Economy Slows in First Quarter; Weaker Jobs Growth Likely
2. Most major U.S. banks are healing, as witnessed by the Fed's recent stress tests. Even Citibank(C) is likely in better shape than the Fed estimated -- it over weighted the risks associated with Citibank's large overseas loan portfolio, and failed to recognize the value of international diversification. The securitization market is showing some life, and regional and small banks are realigning around business lending as new federal regulations make conventional home mortgages too difficult to write.
After buying up smaller banks that can't cope with new, tougher regulations, Wall Street banks control more than 60% of deposits nationally, and are driving down CD rates (essentially exploiting monopoly positions as they acquire banks in regional markets). Seniors are losing a lot of purchasing power, and Wall Street banks are less interested in making loans to Main Street businesses than were the regional banks they absorbed.
3. Oil prices appear to have plateaued, and the Obama Administration, its election year rhetoric notwithstanding, continues to stall, slow and stop U.S. oil and gas projects at every turn. That affects the economy much like a negative stimulus package -- petroleum projects use the same kinds of stuff (steel, cement, construction workers) as building roads and buildings.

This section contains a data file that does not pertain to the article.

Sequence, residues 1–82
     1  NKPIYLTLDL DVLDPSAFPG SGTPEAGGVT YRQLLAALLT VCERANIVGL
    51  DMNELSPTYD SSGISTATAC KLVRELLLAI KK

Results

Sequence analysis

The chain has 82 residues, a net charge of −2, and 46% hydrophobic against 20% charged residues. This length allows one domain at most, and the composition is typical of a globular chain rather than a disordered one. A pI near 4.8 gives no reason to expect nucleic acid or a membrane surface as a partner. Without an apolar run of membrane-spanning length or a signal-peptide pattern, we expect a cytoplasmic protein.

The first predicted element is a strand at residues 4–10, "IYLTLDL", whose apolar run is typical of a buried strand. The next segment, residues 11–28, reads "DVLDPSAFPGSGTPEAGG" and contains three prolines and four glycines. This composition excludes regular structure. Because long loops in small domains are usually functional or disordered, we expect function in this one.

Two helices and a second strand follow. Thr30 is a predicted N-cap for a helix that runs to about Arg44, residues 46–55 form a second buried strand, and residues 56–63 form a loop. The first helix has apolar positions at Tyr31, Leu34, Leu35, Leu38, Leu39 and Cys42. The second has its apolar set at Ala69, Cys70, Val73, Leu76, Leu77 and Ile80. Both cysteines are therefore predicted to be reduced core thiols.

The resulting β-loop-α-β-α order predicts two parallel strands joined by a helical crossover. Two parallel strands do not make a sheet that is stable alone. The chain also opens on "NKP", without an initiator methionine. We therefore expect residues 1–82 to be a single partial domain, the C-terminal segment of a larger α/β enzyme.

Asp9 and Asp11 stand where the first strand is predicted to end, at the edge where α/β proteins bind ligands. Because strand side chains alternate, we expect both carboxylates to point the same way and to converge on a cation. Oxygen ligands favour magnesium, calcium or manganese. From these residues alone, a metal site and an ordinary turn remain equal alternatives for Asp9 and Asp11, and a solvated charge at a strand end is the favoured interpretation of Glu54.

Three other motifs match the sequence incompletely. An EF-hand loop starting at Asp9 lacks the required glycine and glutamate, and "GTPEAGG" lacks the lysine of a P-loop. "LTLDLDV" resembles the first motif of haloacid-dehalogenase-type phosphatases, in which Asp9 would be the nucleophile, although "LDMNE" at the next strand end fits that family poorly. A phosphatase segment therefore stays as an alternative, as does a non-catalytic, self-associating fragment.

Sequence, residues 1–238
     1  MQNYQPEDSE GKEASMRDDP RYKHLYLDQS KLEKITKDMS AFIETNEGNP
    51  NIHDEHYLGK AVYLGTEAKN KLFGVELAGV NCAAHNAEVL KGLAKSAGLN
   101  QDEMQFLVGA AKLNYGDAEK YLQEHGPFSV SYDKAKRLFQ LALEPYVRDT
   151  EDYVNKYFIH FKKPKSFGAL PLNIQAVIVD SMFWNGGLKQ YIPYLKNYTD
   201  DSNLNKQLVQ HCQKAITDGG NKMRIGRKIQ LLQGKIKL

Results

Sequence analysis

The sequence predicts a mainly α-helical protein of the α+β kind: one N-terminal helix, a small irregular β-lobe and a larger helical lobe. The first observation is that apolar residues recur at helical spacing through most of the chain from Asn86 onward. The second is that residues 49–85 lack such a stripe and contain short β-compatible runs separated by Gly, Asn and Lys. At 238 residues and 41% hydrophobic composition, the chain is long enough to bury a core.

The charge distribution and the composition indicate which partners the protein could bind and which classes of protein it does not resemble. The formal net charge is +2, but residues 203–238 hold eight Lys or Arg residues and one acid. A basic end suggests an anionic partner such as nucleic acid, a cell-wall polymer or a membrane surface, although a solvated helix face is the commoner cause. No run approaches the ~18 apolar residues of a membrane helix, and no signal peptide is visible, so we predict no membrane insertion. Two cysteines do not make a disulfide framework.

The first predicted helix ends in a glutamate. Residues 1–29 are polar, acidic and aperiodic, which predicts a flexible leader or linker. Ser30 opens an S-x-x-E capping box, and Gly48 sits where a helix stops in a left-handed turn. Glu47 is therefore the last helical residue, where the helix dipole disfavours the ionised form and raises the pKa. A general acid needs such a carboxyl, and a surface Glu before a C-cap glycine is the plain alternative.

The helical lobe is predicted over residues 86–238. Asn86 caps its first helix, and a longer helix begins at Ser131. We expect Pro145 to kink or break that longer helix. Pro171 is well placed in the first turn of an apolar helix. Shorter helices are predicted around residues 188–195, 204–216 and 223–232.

4. The EU is in recession and remains in deep trouble -- fixes for Greece, Portugal and Ireland are inadequate and eventually will need to be reworked. Spain is teetering on crisis -- a failure of its government to meet budget targets or a further spike in unemployment, already above 20%, could set off contagion affecting Italy.
European banks are highly stressed. Those have not used the grace afforded by easy credit from the European Central Banks to properly add to capital and rework loan portfolios. Rather, they have often adopted gimmicks to paint up bad loans or move those into offshore vehicles -- all reminiscent of tactics employed by U.S. major backs when mortgage back securities became problematic before the financial crisis.
5. U.S. higher education loans -- now more than $1 trillion-- are a ticking bomb. Undergraduates are borrowing too much against future incomes, and many graduate students are borrowing to obtain degrees that will not markedly improve their circumstances.
Most education loans are not dischargeable through bankruptcy, and big debt coupled with disappointing pay will become an increasing drag on consumer spending for the next decade.